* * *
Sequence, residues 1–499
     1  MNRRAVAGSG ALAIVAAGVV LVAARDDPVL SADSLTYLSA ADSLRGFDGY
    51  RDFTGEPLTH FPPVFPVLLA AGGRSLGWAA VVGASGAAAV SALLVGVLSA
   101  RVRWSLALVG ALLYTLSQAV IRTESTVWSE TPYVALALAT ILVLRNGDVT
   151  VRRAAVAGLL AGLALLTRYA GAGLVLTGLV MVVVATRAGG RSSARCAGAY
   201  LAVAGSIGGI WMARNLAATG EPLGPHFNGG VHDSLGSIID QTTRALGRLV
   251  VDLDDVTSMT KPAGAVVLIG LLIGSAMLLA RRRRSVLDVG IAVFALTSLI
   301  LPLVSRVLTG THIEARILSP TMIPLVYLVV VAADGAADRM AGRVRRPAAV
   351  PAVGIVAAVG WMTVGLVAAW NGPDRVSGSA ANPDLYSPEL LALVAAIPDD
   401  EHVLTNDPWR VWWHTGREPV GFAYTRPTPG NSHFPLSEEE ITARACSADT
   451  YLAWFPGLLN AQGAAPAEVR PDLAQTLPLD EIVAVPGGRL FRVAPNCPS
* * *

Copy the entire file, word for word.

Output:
Sequence, residues 1–499
     1  MNRRAVAGSG ALAIVAAGVV LVAARDDPVL SADSLTYLSA ADSLRGFDGY
    51  RDFTGEPLTH FPPVFPVLLA AGGRSLGWAA VVGASGAAAV SALLVGVLSA
   101  RVRWSLALVG ALLYTLSQAV IRTESTVWSE TPYVALALAT ILVLRNGDVT
   151  VRRAAVAGLL AGLALLTRYA GAGLVLTGLV MVVVATRAGG RSSARCAGAY
   201  LAVAGSIGGI WMARNLAATG EPLGPHFNGG VHDSLGSIID QTTRALGRLV
   251  VDLDDVTSMT KPAGAVVLIG LLIGSAMLLA RRRRSVLDVG IAVFALTSLI
   301  LPLVSRVLTG THIEARILSP TMIPLVYLVV VAADGAADRM AGRVRRPAAV
   351  PAVGIVAAVG WMTVGLVAAW NGPDRVSGSA ANPDLYSPEL LALVAAIPDD
   401  EHVLTNDPWR VWWHTGREPV GFAYTRPTPG NSHFPLSEEE ITARACSADT
   451  YLAWFPGLLN AQGAAPAEVR PDLAQTLPLD EIVAVPGGRL FRVAPNCPS